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challenges for vagueness, only if its language is stretched and twisted to fit facts not clearly within its scope.

The statute sets out the elements of the offense, making it a crime to (1) aid, invite, employ, authorize or cause a minor to (2) engage in sexually explicit conduct (3) knowing that the conduct will be photographed.

[7, 8] The words "aids, invites, employs, authorizes or causes" are not defined in the statute. In the absence of a specific statutory definition, words in a statute are given their common law or ordinary meaning. Alvarez, 128 Wn.2d at 11; State v. Smith, 117 Wn.2d 263, 271, 814 P.2d 652 (1991). A nontechnical word may be given its dictionary definition. State v. Fjermestad, 114 Wn.2d 828, 835, 791 P.2d 897 (1990).

"Aid" means to support, assist, help or strengthen. BLACK'S LAW DICTIONARY 68 (6th ed. 1990); WEBSTER'S THIRD NEW INTERNATIONAL DICTIONARY 44 (1986).

"Invite" means to offer an incentive or inducement or to request the participation or presence of a person. WEBSTER'S, supra, at 1190.

"Employ" means to engage in one's service or to hire or use. BLACK'S, supra, at 524; WEBSTER'S, supra, at 743.

"Authorize" means to empower or to give a right or authority to act. BLACK'S, supra, at 133; WEBSTER'S, supra, at 146.

"Cause" means to be the cause of, to bring about, to induce or to compel. BLACK'S, supra, at 221; WEBSTER'S, supra, at 356.

Each of these words is an active verb. Each requires some affirmative act of assistance, interaction, influence or communication on the part of a defendant which initiates and results in a child's display of sexually explicit conduct.

[9] In this case, the Defendant placed a camera under his stepdaughter's bed, hoping and expecting to catch her on film in a state of undress. Although he intended to observe her, he did not communicate with her in any way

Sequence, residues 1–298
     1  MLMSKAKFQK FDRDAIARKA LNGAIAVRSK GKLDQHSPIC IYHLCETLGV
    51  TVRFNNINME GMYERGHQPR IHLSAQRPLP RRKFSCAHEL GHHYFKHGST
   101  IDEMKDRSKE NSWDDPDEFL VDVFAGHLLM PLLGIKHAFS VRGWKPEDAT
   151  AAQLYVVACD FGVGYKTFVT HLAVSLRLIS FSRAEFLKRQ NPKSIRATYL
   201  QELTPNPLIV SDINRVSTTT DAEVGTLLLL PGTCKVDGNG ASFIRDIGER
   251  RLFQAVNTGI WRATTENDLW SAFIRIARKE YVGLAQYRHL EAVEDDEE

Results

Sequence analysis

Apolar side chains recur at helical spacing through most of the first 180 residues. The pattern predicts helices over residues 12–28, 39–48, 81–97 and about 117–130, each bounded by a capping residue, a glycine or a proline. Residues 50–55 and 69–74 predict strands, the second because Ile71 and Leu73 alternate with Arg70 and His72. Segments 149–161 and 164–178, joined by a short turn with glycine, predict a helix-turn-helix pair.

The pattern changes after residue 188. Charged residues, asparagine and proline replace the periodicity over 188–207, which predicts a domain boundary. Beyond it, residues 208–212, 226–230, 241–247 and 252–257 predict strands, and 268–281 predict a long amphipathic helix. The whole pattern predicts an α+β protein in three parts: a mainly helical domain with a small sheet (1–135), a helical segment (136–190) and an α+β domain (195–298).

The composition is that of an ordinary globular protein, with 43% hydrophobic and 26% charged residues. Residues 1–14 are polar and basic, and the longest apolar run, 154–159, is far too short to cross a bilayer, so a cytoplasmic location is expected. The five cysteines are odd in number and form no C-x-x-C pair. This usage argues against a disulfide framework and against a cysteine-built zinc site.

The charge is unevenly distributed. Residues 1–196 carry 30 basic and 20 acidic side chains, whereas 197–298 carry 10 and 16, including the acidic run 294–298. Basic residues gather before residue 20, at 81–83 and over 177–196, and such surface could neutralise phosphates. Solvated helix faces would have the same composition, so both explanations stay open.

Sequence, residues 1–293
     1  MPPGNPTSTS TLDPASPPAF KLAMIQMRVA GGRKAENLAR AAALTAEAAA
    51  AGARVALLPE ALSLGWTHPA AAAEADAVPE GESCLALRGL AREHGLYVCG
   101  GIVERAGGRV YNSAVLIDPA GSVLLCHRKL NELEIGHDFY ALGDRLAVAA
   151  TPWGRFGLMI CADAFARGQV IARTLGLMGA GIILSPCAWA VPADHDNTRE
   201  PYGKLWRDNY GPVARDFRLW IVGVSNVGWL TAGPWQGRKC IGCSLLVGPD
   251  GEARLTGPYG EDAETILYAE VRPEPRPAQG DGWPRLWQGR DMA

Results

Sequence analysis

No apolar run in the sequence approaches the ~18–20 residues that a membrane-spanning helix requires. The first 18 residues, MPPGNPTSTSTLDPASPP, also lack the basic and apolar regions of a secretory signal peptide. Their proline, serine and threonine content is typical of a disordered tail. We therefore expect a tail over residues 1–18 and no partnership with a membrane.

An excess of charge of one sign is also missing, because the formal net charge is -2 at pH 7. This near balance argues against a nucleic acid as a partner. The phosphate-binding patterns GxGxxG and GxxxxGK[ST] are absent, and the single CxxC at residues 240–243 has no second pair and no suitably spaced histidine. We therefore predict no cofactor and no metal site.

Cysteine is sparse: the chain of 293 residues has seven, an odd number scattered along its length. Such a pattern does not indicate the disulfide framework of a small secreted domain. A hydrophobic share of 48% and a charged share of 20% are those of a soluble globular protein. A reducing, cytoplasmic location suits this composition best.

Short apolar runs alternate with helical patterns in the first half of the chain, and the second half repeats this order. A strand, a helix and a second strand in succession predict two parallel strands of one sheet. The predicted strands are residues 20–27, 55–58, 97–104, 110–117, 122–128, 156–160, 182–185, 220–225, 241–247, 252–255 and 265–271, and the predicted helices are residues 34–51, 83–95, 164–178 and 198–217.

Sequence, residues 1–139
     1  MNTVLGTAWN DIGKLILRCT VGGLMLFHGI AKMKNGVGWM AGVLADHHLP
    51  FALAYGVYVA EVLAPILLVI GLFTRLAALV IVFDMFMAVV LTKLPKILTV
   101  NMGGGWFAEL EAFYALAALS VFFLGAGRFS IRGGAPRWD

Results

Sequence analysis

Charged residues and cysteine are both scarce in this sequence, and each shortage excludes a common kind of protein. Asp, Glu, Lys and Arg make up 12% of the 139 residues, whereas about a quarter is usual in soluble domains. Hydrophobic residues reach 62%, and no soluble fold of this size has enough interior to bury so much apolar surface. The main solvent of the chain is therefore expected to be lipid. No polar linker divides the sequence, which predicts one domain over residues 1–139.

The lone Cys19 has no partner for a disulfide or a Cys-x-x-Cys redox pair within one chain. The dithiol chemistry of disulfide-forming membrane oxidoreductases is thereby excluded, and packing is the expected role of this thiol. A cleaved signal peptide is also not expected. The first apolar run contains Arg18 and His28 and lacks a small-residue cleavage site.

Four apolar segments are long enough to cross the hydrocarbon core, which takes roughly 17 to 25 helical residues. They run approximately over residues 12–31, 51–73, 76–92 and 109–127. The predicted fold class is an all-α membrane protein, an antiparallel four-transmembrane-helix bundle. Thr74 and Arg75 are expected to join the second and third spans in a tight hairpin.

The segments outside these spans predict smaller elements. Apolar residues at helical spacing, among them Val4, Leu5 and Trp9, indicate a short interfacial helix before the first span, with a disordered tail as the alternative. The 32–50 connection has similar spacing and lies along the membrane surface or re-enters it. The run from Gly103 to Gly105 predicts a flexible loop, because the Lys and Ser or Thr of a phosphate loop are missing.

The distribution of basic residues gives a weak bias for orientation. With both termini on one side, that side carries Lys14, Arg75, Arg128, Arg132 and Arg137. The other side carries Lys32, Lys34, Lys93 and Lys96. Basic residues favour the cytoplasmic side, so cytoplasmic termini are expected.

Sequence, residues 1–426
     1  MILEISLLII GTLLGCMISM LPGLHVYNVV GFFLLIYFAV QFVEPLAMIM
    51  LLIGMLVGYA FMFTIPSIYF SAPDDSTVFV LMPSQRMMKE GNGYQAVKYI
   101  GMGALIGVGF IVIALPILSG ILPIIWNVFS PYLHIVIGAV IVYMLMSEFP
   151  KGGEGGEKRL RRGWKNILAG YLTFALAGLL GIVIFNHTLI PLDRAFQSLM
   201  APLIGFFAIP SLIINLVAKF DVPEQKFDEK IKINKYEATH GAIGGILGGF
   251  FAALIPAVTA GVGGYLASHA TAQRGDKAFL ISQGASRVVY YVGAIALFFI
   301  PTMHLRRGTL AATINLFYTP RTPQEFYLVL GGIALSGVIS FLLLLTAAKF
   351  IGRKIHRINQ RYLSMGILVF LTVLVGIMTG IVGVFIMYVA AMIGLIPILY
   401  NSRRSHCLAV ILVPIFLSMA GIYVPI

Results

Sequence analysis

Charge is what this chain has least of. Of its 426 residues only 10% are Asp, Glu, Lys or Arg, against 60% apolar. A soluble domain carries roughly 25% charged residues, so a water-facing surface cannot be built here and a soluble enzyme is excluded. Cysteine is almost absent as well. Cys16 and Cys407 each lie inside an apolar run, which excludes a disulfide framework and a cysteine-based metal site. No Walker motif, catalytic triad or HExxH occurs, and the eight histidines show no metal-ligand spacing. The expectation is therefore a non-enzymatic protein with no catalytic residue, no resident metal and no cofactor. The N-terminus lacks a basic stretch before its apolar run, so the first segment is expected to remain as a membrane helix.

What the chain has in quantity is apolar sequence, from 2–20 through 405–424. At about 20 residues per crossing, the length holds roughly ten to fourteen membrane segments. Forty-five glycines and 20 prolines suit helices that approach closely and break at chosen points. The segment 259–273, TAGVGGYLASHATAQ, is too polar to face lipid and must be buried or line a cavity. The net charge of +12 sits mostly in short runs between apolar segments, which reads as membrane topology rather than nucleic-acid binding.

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and he did not assist her in any way. There is no evidence in the record that the Defendant aided (supported or helped), invited (requested or induced), employed (hired or used), authorized (empowered or gave a right) or caused (brought about, induced or compelled) his stepdaughter to engage in sexually explicit conduct. If it had intended to criminalize the secret filming of a nude child who is unaware of the filming, the Legislature could have included the kind of conduct that occurred here within the prohibitions of the statute. As it exists, however, it does not appear that the Legislature intended, under the current provisions of the sexual exploitation of minors statute, to criminalize the photographing of a child, where there is no influence by the defendant which results in the child's sexually explicit conduct. It further appears that the Legislature has not contemplated this kind of conduct would constitute a class B felony.4

Defendant Chester was alternatively charged under RCW 9.68A.040(1)(c), which prohibits a parent from permitting the minor to engage in sexually explicit conduct knowing that the conduct will be photographed. "Permit" is not defined in the statute. Its dictionary definition is to expressly or formally consent, to allow, or to acquiesce by failure to prevent. BLACK'S, supra, at 1140; WEBSTER'S, supra, at 1683. While "permit" may suggest passive conduct, it appears that the aim of subsection (c) of the sexual exploitation statute is to prohibit a parent from allowing a child to be exploited under subsection (a) or (b) of the statute. The language of the statute does not support a contrary interpretation. If a parent, or stepparent, were actively involved in causing the exhibition or other sexually explicit conduct, then the parent would be subject to the terms of subsection (a) or (b). We interpret RCW 9.68A.040(1)(c) to prohibit the parent's knowing


4 Under the 1996-97 proposed amendment to the statute, SHB 1587, the surreptitious exploitation of a minor would be a class C felony; violation of RCW 9.68A.040(1)(b) is a class B felony.


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failure or refusal to protect his or her child from sexual exploitation by another.

CONCLUSION

We hold that the Defendant's conduct, although contemptible, does not fall within the prohibitions of the sexual exploitation of minors statute.

Affirmed.

DURHAM, C.J., and SMITH, JOHNSON, MADSEN, and SANDERS, JJ., concur.